[SaneVax: On December 4th, Katie Couric had the courage to interview Emily Tarsell, Rosemary Mathis and her daughter, Lauren, all of whom believe their lives were negatively impacted by the HPV vaccine, Gardasil. Not one of them did anything other than explain their experiences, ask for investigations, and suggest that parents to do some research prior to deciding if HPV vaccines were right for their children. Immediately after the show aired, there was a concerted effort by many traditional publications to crucify Katie for having the audacity to give these people time to tell their stories on her show. What is wrong with this picture?]
Katie Couric Slammed for Questioning HPV Vaccine
By Maressa Brown
“Is Katie Couric the next Jenny McCarthy?” asks an accusatory headline on TIME.com. The question is one some are asking after the news anchor-turned-daytime talk show host ran a lead segment on her show, Katie, about the human papillomavirus (HPV) vaccine yesterday. Surprise, surprise — Katie’s critical look at the vax is being slammed.
Katie had two mothers as her guests on the show: Emily Tarsell, a mother who says the death of her daughter, Christina, was caused by the HPV vaccine Gardasil in 2008, and a mother and daughter, Rosemary and Lauren Mathis, who believe Lauren developed a bizarre illness characterized by nausea and fatigue due to the vaccine. (Rosemary Mathis is now the director of the anti-HPV organization, SaneVax, Inc.) As you might imagine, these women have a serious bone to pick with the vaccine, and they’re not alone.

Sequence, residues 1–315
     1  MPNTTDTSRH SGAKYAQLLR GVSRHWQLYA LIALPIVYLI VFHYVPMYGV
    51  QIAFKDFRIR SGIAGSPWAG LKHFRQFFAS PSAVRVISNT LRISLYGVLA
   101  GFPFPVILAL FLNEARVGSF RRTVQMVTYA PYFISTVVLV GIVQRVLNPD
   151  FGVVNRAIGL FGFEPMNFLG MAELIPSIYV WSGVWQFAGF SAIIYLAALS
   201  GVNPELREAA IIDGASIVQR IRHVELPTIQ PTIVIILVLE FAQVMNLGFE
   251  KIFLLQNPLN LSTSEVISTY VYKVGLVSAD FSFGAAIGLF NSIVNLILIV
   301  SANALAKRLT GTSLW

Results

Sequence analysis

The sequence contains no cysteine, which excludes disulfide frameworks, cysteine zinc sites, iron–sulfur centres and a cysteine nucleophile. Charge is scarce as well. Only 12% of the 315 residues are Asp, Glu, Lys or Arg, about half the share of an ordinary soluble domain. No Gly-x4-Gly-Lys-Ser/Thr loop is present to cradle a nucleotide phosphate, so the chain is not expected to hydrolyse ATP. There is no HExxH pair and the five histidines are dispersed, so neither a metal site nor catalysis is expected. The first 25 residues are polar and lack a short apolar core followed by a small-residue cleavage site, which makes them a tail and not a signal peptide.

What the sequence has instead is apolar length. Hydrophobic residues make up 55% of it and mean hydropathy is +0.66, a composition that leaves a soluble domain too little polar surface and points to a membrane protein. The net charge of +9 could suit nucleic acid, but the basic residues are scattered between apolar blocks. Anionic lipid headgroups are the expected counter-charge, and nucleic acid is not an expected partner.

There are plenty of fears and questions about the safety and side effects associated with the vaccine. In 2008, only 4.5 percent of parents listed safety concerns as a reason for their daughter to avoid the shot. But by 2010, that number skyrocketed to 16 percent. Perhaps this is due to a dose of healthy skepticism … and/or reported side effects.
Note from the SaneVax Team: It does not particularly matter what the pharmaceutical industry or government health officials say, there is a controversy surrounding HPV vaccines. Parents and medical professionals (such as Public Department of Health Director, David Blodgett) have questions and concerns that need to be addressed. This issue is not going to go away until adequate studies are conducted and verifiable answers provided.
Katie Couric and her staff have kindly provided a page on which to continue the HPV vaccine discussion. If you have questions, comments or concerns, feel free to join the discussion here.